A Short Cognitive Performance Test for Assessing Deficits of memory and Attention (SKT) [25]

The SKT is a short cognitive performance test for detecting memory and attention deficits within a clinical setting. Testing results are expressed in points with a range from zero to 27 points. It is remarkable that a higher test value represents a worse test result and indicates a diminished cognitive performance.

Color-word-interference-test (FWIT) [26]

The FWIT consists of three parts in which the needed processing time and number of errors are recorded. Higher test values label a worse test performance on analyzed cognitive function of nomination, alertness, and selectivity or rather interference.

Statistical analysis

For sample size calculation published data of the DemTect have been used, which calculated a standard deviation of approximately 3 points [20]. For clinical relevance we supposed a discrepancy of at least 4 points between the two groups. Thus, we calculated at least 19 needed patients per group to elicit a difference with an α-error of 0.01 and a power of 0.9. The dropout rate for the postoperative testing phase was assumed to be 25%, which lead to a calculated sample size of 25 subjects finally.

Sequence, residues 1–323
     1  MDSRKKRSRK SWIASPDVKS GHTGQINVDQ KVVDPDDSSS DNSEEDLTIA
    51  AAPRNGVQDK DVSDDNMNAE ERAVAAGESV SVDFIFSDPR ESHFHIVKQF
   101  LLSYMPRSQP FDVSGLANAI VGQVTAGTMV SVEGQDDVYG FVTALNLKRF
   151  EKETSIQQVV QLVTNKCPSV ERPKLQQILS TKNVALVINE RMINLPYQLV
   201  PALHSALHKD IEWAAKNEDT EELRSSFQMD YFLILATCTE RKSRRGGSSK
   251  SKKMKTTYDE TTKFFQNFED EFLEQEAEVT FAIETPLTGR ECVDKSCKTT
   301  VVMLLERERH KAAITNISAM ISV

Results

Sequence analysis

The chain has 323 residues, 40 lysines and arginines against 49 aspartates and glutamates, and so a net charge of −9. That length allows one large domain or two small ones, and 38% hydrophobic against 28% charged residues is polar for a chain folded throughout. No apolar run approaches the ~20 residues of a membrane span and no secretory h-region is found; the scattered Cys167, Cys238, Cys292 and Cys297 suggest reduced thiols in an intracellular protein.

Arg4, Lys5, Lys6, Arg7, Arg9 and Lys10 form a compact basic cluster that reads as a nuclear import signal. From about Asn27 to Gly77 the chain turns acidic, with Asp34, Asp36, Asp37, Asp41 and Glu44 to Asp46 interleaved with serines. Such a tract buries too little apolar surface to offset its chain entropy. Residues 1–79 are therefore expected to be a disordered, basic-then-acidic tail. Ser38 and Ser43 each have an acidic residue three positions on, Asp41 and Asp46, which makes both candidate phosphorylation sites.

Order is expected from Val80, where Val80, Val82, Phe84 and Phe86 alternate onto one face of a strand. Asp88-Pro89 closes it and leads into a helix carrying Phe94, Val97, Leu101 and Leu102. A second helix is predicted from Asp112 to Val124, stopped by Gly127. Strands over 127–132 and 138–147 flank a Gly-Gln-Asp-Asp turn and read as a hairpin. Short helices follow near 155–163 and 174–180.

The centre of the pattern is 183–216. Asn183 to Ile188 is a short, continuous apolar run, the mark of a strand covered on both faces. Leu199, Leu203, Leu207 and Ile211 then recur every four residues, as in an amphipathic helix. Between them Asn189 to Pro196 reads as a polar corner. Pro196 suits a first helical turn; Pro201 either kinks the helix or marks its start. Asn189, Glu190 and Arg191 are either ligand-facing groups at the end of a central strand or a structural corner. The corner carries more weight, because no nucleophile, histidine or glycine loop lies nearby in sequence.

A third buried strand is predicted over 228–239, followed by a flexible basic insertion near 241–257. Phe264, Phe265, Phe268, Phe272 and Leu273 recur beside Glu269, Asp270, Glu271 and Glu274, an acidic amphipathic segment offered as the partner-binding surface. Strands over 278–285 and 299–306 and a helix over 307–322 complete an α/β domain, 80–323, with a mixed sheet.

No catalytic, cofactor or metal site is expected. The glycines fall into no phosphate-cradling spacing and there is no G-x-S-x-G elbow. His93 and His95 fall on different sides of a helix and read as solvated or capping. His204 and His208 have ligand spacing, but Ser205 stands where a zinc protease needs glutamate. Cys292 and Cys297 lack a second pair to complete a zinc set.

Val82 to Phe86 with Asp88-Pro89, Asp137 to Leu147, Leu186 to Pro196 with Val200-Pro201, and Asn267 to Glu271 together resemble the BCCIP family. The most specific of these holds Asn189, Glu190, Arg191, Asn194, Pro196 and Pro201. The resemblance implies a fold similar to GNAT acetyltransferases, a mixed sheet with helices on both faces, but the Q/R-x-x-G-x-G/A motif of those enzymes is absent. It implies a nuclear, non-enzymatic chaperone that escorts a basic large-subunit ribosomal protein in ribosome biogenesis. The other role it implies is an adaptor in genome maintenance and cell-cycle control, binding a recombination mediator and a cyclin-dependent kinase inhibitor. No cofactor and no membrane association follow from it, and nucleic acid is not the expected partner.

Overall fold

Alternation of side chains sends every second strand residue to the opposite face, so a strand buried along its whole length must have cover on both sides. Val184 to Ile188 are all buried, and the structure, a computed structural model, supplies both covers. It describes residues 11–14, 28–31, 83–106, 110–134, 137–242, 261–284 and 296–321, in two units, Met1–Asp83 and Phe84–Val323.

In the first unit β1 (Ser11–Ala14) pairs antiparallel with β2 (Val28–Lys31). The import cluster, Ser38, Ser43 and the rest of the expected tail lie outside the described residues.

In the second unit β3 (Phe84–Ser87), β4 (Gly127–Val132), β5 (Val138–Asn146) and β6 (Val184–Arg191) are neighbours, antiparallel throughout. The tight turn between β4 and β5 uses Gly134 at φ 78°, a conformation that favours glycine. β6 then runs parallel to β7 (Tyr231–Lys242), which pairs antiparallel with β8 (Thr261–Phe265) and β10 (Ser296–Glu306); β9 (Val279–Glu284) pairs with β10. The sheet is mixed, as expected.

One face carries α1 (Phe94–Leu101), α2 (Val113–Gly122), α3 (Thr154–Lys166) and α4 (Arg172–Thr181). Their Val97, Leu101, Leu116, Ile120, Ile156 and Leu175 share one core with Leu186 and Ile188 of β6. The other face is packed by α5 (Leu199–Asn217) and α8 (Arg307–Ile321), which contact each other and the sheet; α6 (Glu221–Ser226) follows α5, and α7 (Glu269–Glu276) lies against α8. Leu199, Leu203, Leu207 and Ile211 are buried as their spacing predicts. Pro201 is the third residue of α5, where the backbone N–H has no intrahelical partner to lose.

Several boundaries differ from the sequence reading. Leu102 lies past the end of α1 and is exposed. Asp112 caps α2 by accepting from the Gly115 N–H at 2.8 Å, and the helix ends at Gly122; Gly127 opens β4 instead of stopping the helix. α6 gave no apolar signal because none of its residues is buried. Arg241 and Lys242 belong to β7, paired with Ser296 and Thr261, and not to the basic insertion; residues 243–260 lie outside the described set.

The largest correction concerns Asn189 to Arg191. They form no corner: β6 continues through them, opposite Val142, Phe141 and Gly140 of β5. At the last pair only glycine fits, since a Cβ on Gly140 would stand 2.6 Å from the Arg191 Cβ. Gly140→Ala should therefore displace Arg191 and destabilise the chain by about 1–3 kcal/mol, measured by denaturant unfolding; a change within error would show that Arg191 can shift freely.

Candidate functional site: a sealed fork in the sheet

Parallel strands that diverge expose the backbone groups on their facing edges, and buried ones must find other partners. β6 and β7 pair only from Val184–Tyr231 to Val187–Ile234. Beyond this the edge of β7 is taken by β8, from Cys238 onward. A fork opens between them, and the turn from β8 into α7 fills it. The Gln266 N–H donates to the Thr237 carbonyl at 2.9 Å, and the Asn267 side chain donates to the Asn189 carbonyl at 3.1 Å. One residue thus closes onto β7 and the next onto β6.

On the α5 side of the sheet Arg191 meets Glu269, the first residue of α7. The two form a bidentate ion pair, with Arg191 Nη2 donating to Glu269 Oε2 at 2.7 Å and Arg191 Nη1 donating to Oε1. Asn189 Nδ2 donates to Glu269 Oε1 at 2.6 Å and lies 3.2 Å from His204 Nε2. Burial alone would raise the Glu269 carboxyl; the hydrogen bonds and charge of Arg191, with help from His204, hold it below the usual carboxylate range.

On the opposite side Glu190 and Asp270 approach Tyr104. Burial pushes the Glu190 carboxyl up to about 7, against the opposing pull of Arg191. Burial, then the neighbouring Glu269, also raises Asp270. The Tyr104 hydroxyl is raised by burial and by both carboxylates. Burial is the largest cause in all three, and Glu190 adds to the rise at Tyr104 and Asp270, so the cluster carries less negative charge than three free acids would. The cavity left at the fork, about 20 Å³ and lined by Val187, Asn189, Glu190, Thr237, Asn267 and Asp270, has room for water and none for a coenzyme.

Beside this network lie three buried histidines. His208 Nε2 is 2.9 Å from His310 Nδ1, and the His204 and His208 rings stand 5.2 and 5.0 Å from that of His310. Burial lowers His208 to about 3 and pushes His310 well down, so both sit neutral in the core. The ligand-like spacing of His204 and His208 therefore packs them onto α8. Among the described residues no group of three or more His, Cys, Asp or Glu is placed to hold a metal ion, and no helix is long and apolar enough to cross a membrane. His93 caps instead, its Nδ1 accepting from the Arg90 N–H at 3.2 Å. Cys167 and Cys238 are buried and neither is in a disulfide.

The statistical analysis was performed by using IBM SPSS Statistics Version for Microsoft platforms. Metric data were presented as median (range) and categorial data were represented as abundances. Patients with missing data or data influenced by external factors were not included in further analysis. There was no intention to replace the missing or false values. The primary outcome parameter was the change of the cognitive function assessed by the difference between postoperative and preoperative aggregated test values. In addition to the aggregated test values the single scores of the subtest of digit-span and SKT were used to gain a higher differentiation between the groups. The sub scores of “digit-span forward”, “digit-span backward” and of the subgroups defined in the SKT were included in the analysis as a dependent value. For interpretation of the FWIT only the third sequence was considered, because only this sequence can register the executive functions. To calculate the value for the FWIT the processing time of each column was averaged. Outliers were identified using the Grubbs test and were not included in the further data analysis. Deviations from the normal distribution were tested using the Shapiro-Wilk test as a requirement for the secondary two-factor variance-analysis (ANOVA). Differences between baseline values and post-anesthesia values within the two groups were tested for statistical significance using the paired t-test or the Wilcoxon test, respectively. For the primary outcome of the cognitive function differences between the two groups were tested for statistical significance using the unpaired t-test or the Mann-Whitney-U-test, respectively. The distribution of categorial data was tested by the exact test by Fisher. To analyze the secondary outcome parameters for main-effects and interactions with the factor “group” there were used the two-factor variance-analysis. The analyzed variables were: age, sex, nicotine-consumption, alcohol-consumption, duration between extubation and postoperative testing, duration of intraoperative hypertension, lowest perioperative oxygen saturation, presence of a perioperative hypoxia and presence of a severe perioperative hypoxia. Due to the multiple tests, the level of significance was defined as p <  0.005 for the two-factor variance-analysis, whereas it was set at p <  0.05 for all other statistical tests.